Indian newspapers from ’66 plane wreck found on melting Mont Blanc
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Indian newspapers from ’66 plane wreck found on melting Mont Blanc

Copies of the National Herald and The Economic Times, with headlines from when Indira Gandhi was PM, found by cafe owner near glacier where plane crashed

A picture taken on July 9, 2020, at the Bossons glacier near Chamonix in the French Alps, shows a 1966 copy of Indian newspaper The Herald with a healdline announcing the election of Indira Gandhi, likely to have been on board the Air India Boeing 707 "Kangchenjunga" aircraft that crashed in the nearby Mont Blanc massif on January 24, 1966 (Bernard BARRON / AFP)
A picture taken on July 9, 2020, at the Bossons glacier near Chamonix in the French Alps, shows a 1966 copy of Indian newspaper The Herald with a healdline announcing the election of Indira Gandhi, likely to have been on board the Air India Boeing 707 "Kangchenjunga" aircraft that crashed in the nearby Mont Blanc massif on January 24, 1966 (Bernard BARRON / AFP)

CHAMONIX, France — The Mont Blanc glacier in the French Alps yields more and more secrets as it melts — this time a clutch of newspapers with banner headlines from when Indira Gandhi became India’s first and so far only woman prime minister in 1966.

The copies of Indian newspapers the National Herald and The Economic Times were probably aboard an Air India Boeing 707 that crashed on the mountain on January 24, 1966, claiming 177 lives.

The trove of around a dozen newspapers was found last week by Timothee Mottin, who runs a cafe-restaurant, La Cabane du Cerro, perched at an altitude of 1,350 metres (4,455 feet) near the Chamonix skiing hub.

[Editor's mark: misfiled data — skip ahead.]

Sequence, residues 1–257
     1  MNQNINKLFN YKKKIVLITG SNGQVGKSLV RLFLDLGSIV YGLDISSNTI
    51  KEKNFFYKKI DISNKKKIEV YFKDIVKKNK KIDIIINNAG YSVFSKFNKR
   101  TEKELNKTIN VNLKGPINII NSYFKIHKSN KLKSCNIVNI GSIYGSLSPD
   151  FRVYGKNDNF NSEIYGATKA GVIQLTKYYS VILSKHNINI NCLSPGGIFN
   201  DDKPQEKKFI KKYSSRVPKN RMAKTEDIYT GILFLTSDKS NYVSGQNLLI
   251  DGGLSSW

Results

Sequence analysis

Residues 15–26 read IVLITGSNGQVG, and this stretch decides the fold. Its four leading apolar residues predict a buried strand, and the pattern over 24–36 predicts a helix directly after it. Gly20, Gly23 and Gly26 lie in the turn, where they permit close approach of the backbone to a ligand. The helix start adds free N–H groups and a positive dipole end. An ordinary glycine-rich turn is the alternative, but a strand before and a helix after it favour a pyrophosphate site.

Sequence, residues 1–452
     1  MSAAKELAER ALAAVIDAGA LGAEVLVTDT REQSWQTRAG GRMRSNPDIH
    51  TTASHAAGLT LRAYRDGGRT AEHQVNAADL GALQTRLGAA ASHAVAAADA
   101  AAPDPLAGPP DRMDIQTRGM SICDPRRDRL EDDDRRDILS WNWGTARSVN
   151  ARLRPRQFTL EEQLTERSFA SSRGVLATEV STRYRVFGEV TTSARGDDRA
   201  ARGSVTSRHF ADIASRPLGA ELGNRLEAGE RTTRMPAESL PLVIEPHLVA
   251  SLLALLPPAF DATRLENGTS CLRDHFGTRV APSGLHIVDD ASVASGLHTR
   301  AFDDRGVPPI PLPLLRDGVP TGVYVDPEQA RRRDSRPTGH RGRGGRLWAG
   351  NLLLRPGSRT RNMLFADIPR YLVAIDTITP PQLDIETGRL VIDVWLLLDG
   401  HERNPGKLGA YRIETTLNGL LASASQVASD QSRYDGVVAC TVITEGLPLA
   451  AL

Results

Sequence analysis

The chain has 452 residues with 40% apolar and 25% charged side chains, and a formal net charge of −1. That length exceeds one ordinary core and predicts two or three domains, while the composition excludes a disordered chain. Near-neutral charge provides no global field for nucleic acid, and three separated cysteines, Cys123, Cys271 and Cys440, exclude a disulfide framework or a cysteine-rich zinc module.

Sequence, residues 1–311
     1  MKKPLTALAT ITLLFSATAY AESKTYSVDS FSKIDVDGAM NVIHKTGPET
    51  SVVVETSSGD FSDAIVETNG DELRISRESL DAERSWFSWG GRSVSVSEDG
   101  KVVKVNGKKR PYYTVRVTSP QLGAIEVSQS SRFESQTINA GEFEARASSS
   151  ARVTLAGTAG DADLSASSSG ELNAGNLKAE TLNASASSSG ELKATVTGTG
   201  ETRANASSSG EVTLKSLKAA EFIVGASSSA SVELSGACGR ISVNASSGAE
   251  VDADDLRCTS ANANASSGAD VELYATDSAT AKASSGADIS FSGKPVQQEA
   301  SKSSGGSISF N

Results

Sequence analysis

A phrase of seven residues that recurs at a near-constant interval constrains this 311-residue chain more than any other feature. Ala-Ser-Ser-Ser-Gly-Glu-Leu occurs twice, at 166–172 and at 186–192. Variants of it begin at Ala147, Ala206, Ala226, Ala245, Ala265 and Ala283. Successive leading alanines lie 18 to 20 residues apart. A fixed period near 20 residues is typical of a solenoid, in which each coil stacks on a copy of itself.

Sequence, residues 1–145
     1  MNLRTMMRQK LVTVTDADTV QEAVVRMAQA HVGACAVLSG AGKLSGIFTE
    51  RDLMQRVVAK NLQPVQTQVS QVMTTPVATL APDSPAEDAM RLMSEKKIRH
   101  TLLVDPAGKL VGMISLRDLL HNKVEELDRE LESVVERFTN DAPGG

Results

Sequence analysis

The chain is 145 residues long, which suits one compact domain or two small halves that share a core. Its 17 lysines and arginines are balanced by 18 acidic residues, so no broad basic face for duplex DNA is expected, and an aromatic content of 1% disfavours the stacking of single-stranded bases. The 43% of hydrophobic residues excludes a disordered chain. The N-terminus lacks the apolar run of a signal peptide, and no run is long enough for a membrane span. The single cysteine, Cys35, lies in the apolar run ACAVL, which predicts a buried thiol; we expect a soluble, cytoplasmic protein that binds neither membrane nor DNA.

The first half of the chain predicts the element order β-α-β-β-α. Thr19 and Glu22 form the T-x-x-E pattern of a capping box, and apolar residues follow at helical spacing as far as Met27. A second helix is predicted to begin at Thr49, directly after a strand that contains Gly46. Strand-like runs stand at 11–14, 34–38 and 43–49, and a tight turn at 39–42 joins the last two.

“They are drying now but they are in very good condition,” Mottin, 33, told AFP. “You can read them.”

Thimotee Mottin, manager of the cafe-restaurant Cabane du Cerro near the Bossons glacier, poses on July 9, 2020, at his cafe near Chamonix in the French Alps, with copies of Indian newspapers likely to have been on board the Air India Boeing 707 ‘Kangchenjunga’ aircraft that crashed in the nearby Mont Blanc massif on January 24, 1966 (Bernard BARRON / AFP)

The modest cafe is around 45 minutes by foot from the Bossons glacier where the plane named after the Himalayan peak of Kangchenjunga mysteriously crashed.

Mottin said he was lucky to discover the papers when he did because the ice in which they were encased for nearly six decades “had probably just melted.”

Once the papers have dried out, they will join a growing collection of found items from the crash that Mottin has put on display at the Cabane du Cerro.

He said he preferred to share his finds with visitors rather than “hide them in an attic waiting to sell them” — something he said had become a “business” for less scrupulous climbers.

The Mont Blanc is seen behind the foggy plains around Lyon, central France, Nov. 26, 2019. (AP Photo/Laurent Cipriani)

Human remains were found in the area in 2017 that could have come from the 1964 crash or that of another Indian plane, the Malabar Princess, that came down in the same area in 1950.

The most stunning find occurred in 2013, that of a box of precious stones — emeralds, sapphires and rubies worth between 130,000 and 246,000 euros ($145,000-$275,000) — thought to have come from the 1966 crash.

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